Dementia can take away so much, which is likely why the focus of traditional memory care is on that which your loved one can no longer do. This is important., however, as your loved one isn’t one-dimensional, and their care shouldn’t be either. Learn about the benefits of an engagement-focused philosophy for memory care.
The Facts on Memory Loss
Many people assume dementia and Alzheimer’s disease are the same thing. In fact, Alzheimer’s is only one type of dementia; although it’s the most prevalent type.
Dementia is a category of diseases associated with memory loss and deterioration in other mental functions that affect daily life such as reasoning, communication, concentration and even visual perception. It’s caused by damage to brain cells and all types of dementia are progressive, meaning the symptoms get worse over time.
According to the Alzheimer’s Association, 5.8 million Americans are living with Alzheimer’s. By 2050, this number is projected to be nearly 14 million. Alzheimer’s disease typically progresses in three stages: mild (early stage), moderate (middle stage), and severe (late stage). Early memory loss is mild, but in the later stages a person may forget loved ones, how to dress themselves, feed themselves or carry on a conversation.
Alzheimer’s affects each person differently. The timing and severity of progression vary. This underscores the importance of multi-dimensional and individually tailored memory care programming.
Defining Engagement-Focused Memory Care
Because of the differences in symptom progression, people benefit most from a memory care environment built especially for them. An engagement-focused philosophy such as our Vital Brain Program is founded on the belief that everyone has an innate ability to learn and succeed no matter the degree of cognitive impairment. That’s why we focus on what your loved one can do or wants to do, not what they have lost. They can live their best life regardless of how far the disease has progressed.
Key components of our Vital Brain Program include:
- Daily opportunities to build cognitive strength
- Learning and experiencing new things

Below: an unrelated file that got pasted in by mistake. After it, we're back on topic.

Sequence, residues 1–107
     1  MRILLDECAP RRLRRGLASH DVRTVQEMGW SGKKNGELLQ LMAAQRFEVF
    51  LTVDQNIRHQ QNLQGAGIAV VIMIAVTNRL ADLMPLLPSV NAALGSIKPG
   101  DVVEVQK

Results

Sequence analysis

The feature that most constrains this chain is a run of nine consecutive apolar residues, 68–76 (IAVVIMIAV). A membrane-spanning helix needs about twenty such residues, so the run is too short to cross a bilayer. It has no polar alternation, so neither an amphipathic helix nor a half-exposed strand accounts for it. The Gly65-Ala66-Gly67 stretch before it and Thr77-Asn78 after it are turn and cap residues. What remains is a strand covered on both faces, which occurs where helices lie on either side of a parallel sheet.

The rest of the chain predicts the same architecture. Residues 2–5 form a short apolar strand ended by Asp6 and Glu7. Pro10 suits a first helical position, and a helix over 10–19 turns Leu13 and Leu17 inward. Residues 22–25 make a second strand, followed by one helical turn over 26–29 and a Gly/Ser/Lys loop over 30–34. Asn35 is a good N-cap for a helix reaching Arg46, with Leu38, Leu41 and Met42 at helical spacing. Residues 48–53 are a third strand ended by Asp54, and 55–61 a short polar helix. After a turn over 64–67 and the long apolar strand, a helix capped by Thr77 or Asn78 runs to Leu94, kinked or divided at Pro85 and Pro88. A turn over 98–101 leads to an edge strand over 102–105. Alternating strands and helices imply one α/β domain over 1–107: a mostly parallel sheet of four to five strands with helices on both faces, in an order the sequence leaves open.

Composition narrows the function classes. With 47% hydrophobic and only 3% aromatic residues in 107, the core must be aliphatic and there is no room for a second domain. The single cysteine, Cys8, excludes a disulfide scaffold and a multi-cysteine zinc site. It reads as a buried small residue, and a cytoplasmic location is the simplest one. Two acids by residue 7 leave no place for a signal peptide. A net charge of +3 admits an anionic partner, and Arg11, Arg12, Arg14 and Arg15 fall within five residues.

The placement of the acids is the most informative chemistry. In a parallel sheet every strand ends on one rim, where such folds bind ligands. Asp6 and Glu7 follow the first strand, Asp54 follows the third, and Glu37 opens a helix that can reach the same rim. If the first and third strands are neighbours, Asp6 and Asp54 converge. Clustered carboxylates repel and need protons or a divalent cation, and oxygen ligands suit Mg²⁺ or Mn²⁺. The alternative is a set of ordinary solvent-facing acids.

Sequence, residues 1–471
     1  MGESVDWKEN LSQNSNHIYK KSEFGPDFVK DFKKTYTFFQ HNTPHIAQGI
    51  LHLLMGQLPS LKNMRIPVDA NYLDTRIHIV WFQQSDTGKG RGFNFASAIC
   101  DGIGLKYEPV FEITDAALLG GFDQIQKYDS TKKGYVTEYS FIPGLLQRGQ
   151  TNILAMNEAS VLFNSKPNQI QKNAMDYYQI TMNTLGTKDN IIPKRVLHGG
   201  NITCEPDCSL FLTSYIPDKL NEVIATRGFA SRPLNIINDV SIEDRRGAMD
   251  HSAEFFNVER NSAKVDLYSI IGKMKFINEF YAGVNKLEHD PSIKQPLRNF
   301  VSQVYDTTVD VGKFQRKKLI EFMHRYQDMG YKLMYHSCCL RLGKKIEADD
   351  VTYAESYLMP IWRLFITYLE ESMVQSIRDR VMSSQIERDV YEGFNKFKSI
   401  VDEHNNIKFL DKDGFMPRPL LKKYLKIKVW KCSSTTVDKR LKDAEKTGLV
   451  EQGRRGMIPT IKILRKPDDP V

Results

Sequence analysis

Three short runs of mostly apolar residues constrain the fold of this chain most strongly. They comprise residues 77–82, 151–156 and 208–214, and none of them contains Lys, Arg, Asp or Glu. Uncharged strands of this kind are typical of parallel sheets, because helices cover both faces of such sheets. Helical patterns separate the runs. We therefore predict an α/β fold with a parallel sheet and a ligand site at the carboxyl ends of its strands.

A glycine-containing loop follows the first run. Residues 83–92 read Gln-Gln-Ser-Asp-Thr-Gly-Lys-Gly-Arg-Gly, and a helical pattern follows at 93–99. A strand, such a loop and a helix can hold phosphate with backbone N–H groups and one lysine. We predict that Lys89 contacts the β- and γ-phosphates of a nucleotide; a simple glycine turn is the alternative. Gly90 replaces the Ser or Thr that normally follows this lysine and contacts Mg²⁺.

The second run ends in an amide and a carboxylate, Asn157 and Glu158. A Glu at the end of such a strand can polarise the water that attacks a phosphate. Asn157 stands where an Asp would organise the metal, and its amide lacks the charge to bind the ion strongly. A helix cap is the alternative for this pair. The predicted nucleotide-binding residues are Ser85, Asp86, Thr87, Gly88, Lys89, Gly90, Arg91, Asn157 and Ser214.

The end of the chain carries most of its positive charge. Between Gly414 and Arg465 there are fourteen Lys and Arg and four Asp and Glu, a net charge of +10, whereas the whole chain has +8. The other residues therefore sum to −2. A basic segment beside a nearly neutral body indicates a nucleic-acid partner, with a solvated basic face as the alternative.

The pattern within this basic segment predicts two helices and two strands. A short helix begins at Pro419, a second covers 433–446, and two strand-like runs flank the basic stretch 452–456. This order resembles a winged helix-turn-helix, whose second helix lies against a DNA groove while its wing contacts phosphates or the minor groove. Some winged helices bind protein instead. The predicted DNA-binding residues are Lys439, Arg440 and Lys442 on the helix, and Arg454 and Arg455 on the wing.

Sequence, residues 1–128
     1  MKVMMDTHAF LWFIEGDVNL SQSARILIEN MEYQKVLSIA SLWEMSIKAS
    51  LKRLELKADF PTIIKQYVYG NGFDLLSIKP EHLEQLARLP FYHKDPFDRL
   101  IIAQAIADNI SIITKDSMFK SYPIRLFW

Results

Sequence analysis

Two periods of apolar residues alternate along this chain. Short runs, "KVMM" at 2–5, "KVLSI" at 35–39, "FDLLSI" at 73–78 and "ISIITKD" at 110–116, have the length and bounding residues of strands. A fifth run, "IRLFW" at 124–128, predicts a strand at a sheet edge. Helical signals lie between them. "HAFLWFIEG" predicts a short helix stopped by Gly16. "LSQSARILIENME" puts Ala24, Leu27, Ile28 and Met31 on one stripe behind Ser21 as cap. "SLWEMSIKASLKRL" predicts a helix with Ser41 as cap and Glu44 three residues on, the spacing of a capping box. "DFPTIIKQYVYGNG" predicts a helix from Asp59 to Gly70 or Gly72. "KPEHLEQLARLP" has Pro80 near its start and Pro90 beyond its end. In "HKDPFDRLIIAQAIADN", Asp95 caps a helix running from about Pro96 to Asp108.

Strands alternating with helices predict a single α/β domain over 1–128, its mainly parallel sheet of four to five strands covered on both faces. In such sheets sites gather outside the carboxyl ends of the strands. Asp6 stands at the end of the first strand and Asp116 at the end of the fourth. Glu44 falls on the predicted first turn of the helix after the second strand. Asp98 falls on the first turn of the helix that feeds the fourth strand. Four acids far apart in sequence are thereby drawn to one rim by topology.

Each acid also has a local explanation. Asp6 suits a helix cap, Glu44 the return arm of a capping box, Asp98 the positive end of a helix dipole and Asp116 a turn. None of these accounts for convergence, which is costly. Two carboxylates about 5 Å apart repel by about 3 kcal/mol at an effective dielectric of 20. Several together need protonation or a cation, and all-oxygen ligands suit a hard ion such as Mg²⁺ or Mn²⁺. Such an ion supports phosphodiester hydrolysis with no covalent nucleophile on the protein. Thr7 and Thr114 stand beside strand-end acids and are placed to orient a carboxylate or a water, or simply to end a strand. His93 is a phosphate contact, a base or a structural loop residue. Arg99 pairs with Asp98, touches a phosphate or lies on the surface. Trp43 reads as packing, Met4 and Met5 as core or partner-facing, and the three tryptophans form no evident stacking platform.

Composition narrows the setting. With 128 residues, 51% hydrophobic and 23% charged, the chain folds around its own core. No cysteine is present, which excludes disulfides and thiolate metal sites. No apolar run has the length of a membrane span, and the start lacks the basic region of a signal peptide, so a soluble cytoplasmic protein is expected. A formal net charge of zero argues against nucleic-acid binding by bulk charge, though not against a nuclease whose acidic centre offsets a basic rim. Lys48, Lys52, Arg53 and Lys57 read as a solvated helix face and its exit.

- Practicing stress reduction
Our daily schedule may have options like this:
|9:30 a.m.||Lecture – Art Deco Architecture||Creative Art Storytelling|
|Noon||Mindful Meditation – Energize||Spanish Class|
|3 p.m.||Virtual Art||Digital Photography Class|
|4 p.m.||Podcast Club||Summer Concert in the Park|
|6:30 p.m.||Using Facetime, Skype & Google Chat||Mindful Meditation – Relaxation|
In addition, we offer supportive care such as personal hygiene, reminders and medication assistance along with amenities such as private apartments, chef-prepared meals, transportation, housekeeping and maintenance services.
Our communities feature a neighborhood concept that’s secure and specifically designed for independence, engagement and success with lighting and colors chosen to be calming as well as access to fresh air and sunshine carefully incorporated.
Vital Brain Memory Care in Action
But perhaps the best way to show the benefits of an engagement-focused philosophy for memory care is to share some of our residents’ stories.
“One of the hardest things my family had to do was to bring our Mother to memory care. After seeing the nurses take care of her when she was sick and give her medicine to her daily. Watching the caregivers take care of her, talking with her, laughing with her even giving her nicknames. We now know it was the best thing for her.”
— Daughter of resident
“Mom’s experience has been great, especially the friendly staff who know her well and get her involved. It’s been wonderful. She has lived there almost a year and is thriving. We appreciate the warmth, love and friendliness.”
— Son of resident
“My mom and dad are both here. Mom is in the memory care community. I feel grateful they are both in such a compassionate place. My father likes to watch the birds in the courtyard and he visits my mom every day. Mom loves music and gets to participate in the musical events; she claps her hands and sings. It is wonderful to see her so delighted.”
— Son of resident
For more information on memory care, check out our Family Decision Guide!